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Propeller Dynamics

Essential reading for model aircraft contest fliers. This is the only book on the market explaining propeller theory in non-mathematical terms. A rattling good read, I know, I wrote it.


Disaster at North Oak 


Four hard days drive East of Perth, on the desolate Hay Plain, lies North Oak. There is not much there. Some rundown farm buildings, the sort with doors hanging off and creaking in the wind. Did I say wind? Five continuous days of it, 20 kph and more from dawn till dusk; precious days when I should have been trimming my Open Power ships. Given the red-baked earth, cracked from the long dry and humidity less than 20%, with the brittle wheat stubble testament to a bumper crop 3 months previous, it was just as well I couldn't fly. This was the site of the AFFS Champs 2 years back: luckily, this was the wrong field!

The 'right' field was 5k North toward Narranderra, a healthy little town surrounded by flat land, lots of it, with some native White Oak forest. The flying field was large, just a few trees, with a smattering of dead grass to help lay the red dust from the parched rock-hard surface. No wheat stubble this time, as farming was not possible due to the field being the home of a threatened species, the Plains Wanderer. No, this is not a F/F guy looking for a model lost the previous year. Rather, it is a small bird which favours a ground-based life style, not unlike a quail. There was to be no chasing models on motor-cycles or in cars, as these little guys had machine guns mounted outside their nests, and they knew how to use them!

The Field at AFFS, 2005

Day 2 of the 2005 AFFS Easter Champs dawned calm: the weather then held for all of 2 days. Two glorious days, with unrestricted fly-offs dropping the models back on the field after 40 eye-watering minutes of gliding heaven . So it was time to bring out my 35 year-old Open Power ship, K&B 40 Series 71 and 20% nitro, with a Supercool 9X4 giving a blistering climb. At least, that's what I thought, until I saw Roys' 3-blade, geared F1C rocket up. Truth, I could not believe the speed of that thing!

Anyway, I had a secret weapon to fix my transition problems: this ought to even things up a bit. Yes, a micro-adjust fixed aileron on my starboard wing tip. You see, I had been having problems with a series of stalls off the transition, sometimes known as the ZOOM TO DOOM. In the past, such antics had occurred all the way to the ground, with often not a little damage on the ultimate stall. But I knew the answer, and I wasn't getting caught this time, no sirree, not me.

So I fired up, launching dead vertical into my usual axial rolling pattern of about 4 turns in 10 seconds. Seemed to be a few extra rolls this time, wonder where they came from? But safe, no sign of crashing, which is my usual criterion for a good power pattern. The transition sure enough lead to a series of diminishing stalls, no good at all. So out with the jewelers screwdriver and put some right roll onto my aileron tab.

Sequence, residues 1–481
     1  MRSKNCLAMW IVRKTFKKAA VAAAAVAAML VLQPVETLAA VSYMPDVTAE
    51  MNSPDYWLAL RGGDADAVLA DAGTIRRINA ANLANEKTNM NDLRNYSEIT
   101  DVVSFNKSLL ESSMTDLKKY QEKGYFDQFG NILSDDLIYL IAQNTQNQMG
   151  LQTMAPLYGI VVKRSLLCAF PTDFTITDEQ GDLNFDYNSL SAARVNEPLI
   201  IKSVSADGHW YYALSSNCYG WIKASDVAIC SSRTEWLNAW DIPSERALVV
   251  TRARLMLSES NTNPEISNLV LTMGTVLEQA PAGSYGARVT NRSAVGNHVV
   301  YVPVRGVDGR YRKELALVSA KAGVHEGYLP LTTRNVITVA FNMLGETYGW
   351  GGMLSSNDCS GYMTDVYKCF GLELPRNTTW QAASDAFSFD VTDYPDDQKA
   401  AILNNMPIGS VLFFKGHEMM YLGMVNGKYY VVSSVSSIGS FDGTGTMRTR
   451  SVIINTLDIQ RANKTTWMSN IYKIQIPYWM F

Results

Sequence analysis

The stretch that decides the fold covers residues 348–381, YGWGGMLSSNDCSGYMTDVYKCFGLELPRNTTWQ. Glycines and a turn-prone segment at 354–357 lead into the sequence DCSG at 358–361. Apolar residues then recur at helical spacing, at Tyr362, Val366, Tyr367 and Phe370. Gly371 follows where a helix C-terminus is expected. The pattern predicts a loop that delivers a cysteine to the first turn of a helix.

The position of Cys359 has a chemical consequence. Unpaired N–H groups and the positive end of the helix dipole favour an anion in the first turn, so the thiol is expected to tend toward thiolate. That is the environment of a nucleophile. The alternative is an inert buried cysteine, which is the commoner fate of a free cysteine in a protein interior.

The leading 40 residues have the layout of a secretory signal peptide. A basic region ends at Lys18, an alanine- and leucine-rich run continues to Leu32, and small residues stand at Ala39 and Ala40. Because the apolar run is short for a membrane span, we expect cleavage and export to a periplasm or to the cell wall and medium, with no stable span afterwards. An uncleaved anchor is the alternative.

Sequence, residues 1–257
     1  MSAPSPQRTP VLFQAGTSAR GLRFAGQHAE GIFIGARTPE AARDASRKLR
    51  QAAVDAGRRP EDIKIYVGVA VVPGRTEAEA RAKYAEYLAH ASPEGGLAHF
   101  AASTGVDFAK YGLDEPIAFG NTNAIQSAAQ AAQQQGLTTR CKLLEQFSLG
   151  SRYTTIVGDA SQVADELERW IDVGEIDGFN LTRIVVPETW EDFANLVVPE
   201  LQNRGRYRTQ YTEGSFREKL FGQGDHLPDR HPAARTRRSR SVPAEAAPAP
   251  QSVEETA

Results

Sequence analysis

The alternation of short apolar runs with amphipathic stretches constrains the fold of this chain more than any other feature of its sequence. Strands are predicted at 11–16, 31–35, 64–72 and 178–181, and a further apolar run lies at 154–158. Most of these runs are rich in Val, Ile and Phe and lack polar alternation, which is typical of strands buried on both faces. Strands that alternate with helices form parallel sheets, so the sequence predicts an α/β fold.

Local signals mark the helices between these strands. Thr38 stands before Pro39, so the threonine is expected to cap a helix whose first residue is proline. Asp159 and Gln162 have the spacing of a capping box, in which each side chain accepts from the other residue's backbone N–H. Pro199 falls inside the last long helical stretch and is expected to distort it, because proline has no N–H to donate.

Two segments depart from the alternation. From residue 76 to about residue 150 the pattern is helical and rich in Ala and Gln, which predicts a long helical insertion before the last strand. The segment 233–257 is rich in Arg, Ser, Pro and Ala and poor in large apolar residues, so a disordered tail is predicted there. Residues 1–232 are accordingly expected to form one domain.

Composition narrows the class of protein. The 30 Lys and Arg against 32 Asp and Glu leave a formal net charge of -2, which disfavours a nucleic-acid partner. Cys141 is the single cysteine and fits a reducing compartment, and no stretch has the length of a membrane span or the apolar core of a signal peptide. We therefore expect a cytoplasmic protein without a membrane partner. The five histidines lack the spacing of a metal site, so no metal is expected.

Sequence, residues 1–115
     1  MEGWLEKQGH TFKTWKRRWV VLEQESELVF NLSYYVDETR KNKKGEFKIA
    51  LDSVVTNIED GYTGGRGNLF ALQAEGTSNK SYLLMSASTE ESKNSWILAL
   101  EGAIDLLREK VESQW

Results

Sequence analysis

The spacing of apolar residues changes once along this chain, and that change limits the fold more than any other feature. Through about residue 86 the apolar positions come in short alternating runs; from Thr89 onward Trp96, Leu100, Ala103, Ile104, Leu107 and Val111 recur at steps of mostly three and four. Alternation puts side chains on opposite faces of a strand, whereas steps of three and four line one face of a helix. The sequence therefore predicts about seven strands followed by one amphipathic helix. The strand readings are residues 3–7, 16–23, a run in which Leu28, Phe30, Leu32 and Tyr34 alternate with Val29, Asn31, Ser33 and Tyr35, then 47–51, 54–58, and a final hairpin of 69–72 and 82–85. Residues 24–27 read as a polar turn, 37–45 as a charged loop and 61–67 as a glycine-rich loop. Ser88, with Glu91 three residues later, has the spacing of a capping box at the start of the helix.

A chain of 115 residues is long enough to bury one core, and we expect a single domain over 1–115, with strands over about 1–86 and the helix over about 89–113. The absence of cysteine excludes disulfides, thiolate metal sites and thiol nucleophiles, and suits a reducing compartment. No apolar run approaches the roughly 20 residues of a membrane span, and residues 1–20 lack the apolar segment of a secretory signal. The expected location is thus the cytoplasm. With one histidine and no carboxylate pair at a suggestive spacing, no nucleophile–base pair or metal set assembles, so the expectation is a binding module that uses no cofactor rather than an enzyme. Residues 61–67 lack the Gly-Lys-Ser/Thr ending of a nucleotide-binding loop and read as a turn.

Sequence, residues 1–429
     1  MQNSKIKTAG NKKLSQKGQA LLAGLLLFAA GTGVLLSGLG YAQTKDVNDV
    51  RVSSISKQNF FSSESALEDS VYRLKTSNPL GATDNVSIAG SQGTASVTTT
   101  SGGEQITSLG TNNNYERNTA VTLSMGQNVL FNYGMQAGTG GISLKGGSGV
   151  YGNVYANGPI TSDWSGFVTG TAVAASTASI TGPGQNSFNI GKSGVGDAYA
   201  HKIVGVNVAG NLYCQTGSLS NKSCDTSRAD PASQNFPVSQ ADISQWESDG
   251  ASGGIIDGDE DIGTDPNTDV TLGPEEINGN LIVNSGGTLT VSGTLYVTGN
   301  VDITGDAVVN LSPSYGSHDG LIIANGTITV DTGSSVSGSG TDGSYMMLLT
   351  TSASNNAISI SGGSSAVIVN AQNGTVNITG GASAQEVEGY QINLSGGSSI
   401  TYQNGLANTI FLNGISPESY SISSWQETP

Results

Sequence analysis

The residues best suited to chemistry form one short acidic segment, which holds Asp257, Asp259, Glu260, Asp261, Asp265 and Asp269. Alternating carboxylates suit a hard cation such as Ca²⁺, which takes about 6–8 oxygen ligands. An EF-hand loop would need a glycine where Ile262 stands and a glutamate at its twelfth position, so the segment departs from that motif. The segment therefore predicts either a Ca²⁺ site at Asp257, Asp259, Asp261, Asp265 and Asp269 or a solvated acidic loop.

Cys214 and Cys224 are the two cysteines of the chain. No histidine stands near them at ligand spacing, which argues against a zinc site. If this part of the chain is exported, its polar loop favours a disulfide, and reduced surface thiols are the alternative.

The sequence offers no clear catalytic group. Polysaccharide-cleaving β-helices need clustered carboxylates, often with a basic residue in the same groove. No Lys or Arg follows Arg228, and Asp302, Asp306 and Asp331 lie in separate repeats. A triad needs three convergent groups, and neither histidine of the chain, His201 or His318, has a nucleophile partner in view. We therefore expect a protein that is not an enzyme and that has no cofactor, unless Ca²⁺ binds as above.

You see, the idea is to exit the stall by rolling into the right glide pattern with the extra speed from the first stall; ie, washout on the right panel. This is opposite to normal practice, at least when 'normal' was back in the 60's. The idea first came to me when watching Bill East trimming his F1C. I couldn't believe his transitions: straight out of the stall into the glide turn, with practically no height loss. Amazing. So I snuck in a peek at his wing settings, and behold, there was slight washout on the glide side of things. Risky in a thermal I thought, but it works for Bill so I'll try it.

Off home and I added a micro-adjust wing-wiggler to my F1C. Sure enough, it worked a treat. At the 1983 Gouldburn World Champs, my final flight was launched into the teeth of a rain squall that was blinding me, but our thermal man said go so I did. Power pattern started off OK, but then it rolled left, went horizontal and rolled the length of the flight line, bunting straight down at engine shut-off! Ye Gods! Then it zoomed back up, the wing wiggler and VIT cracked in and it transitioned perfectly, good for 2 minutes and 25th place. Not bad for a little fella from Gumnut Road, West Pennant Hills!

So I fired up the K&B again, and off she roared. No better. More Tab. Repeat, repeat. Now she was gliding left!! Now I thought I knew how to trim F/F, but that was before I met Col Collyer. He now explained that in trying to get roll, I was also reducing the drag of the right panel, which meant the model could now glide left with right aileron! Not my day.

By now the rock-hard surface was taking a toll on the model. On D/T landing, the wing spars were cracking: I was repairing after every flight. The poor quality spruce now revealed itself: good enough for D/T onto WA wheat belt sand, but no good on brick-hard clay.

What is more, 3mm off washin had appeared from nowhere on my right panel. It was supposed to be flat. My beautiful vertical roll came from left rudder, not washin: but now it was rotating like a top on the way up. What could be wrong? Had the low humidity warped my fully geodetic spruce/balsa/tissue wing? Surely not. And it hadn't. I discovered a broken lower rear compression spar, right at the root: again, the lousy quality spruce had got me.

It was too late. I was out of auto-rudder travel: out of repair material: but mostly, out of just plain bluddy luck.